For those who want to take the game’s title literally, you can always bum rush and unleash any of eleven unlockable combos on the baddies. This often results in you getting overwhelmed by enemies blocking you off on both sides and excessively blocking their way to victory. There’s nothing wrong with a little blocking, it’s an incredibly common aspect of most action games, but it feels overdone here and can be aggravating. The reason behind it is surely to encourage stealth attacks, but you don’t always have that option. Regardless, it will often make you wish that you hadn’t exhausted your projectile ammo during your last encounter.
During the course of the campaign, you will frequently be tasked with branching off and locating switches to open the way forward. It’s nice that the game isn’t totally linear and that it encourages you to go in search of those required mechanisms as well as some optional collectibles that serve as health upgrades. Unfortunately, the “find and hit a switch to open a path” mechanic is overused and grows tedious as the game progresses. These are extremely rudimentary puzzle types that gamers have experienced in excess over the years.
Many of the checkpoints are placed oddly right before you hit a switch or grab a required item. I cannot for the life of me understand this methodology. This means that if you die shortly after hitting a button, you’ll have to hit the button again and watch the animation of something unlocking/opening again. Why not put the checkpoints after these events and save everyone the hassle? Speaking of checkpoints, when they do pop up they pause the game. It’s only a few seconds, but that’s a few too many in this modern gaming world of seamless checkpoints. On top of that, the screen blurs on occasion when cutting back to game play after hitting a checkpoint that activates a cut scene. This isn’t the biggest of problems, but it is one more heaped onto the pile in Ex-Patriot.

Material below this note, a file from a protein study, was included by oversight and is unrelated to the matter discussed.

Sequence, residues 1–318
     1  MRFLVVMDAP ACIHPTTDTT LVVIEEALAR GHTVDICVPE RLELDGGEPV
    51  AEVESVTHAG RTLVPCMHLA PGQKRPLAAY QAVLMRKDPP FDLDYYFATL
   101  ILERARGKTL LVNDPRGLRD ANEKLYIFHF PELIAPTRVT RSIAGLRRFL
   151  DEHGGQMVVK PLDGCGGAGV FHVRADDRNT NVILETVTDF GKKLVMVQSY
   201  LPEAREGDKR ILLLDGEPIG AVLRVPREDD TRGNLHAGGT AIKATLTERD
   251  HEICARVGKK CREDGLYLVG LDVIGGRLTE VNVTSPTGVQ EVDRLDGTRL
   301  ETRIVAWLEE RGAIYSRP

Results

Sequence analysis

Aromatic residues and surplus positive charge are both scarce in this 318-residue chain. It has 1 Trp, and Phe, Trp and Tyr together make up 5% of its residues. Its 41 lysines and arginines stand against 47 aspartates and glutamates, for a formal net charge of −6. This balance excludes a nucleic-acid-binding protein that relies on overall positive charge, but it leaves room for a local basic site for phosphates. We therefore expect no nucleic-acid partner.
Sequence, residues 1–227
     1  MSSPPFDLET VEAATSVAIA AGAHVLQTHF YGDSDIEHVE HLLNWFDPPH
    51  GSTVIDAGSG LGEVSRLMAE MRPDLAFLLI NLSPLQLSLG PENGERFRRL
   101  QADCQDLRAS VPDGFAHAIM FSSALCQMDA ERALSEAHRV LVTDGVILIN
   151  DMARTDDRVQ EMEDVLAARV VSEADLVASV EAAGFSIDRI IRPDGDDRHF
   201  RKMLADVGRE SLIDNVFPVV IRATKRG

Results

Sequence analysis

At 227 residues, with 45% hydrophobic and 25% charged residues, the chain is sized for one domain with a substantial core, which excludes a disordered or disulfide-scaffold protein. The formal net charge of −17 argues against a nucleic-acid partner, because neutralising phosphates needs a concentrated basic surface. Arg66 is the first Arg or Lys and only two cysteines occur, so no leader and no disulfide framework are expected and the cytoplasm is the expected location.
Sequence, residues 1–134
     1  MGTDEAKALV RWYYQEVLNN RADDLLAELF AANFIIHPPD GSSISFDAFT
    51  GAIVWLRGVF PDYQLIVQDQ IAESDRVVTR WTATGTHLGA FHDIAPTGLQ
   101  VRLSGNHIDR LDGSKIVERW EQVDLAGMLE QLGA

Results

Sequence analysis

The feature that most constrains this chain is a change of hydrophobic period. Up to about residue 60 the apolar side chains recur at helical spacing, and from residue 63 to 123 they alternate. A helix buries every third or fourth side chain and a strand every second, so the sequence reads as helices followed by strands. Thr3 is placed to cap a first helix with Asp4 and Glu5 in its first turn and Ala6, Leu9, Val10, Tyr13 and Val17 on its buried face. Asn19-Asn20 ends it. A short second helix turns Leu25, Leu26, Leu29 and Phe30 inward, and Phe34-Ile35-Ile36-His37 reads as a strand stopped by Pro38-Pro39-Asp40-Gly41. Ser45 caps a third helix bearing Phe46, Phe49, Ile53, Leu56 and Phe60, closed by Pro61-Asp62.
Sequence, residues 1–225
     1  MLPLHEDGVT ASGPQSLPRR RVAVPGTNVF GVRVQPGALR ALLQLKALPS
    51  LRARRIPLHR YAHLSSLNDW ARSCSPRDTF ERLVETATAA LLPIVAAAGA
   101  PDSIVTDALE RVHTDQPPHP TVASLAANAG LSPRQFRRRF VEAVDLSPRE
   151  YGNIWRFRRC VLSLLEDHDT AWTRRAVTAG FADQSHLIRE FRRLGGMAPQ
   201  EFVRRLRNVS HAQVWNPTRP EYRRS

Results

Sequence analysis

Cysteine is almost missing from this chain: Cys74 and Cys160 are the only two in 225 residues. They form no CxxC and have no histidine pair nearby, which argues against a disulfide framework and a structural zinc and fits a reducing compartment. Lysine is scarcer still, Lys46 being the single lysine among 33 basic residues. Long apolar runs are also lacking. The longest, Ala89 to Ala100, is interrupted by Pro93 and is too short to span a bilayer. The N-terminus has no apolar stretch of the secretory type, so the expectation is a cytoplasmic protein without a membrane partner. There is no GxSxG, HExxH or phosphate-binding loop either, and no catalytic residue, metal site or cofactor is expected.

On the visual side of things, Ex-Patriot is a dark and grungy game. The first act is full of dark colors that do a commendable job of portraying an exaggerated take on being incarcerated in a prison that is a holdover from Communist Russia. Things brighten up a bit later on with some outdoor, snowy and underwater locales. Nothing about it really stands out as impressive, but the style works for this game. Your character design is a bit odd though, and characters in general are unattractive low-poly builds. Spider Wolf is supposed to be an elite special forces soldier, but he looks more like he’s getting ready to hold up a steam train in the old west. In short: lose the kerchief, dude.
Despite the myriad of complaints I have with Vatra’s side-scroller, I surprisingly found myself rather enjoying playing it on a number of occasions. If you feel that you can stomach the clunky platform mechanics, then it might be worth your time. Those who have more discerning tastes in platformers however, will want to steer clear. With some more development time focusing on ironing out the these issues, Rush’N Attack: Ex-Patriot could have been a solid outing. As it stands, the poor platforming mechanics and monotonous switch flipping makes Ex-Patriot an exasperating experience.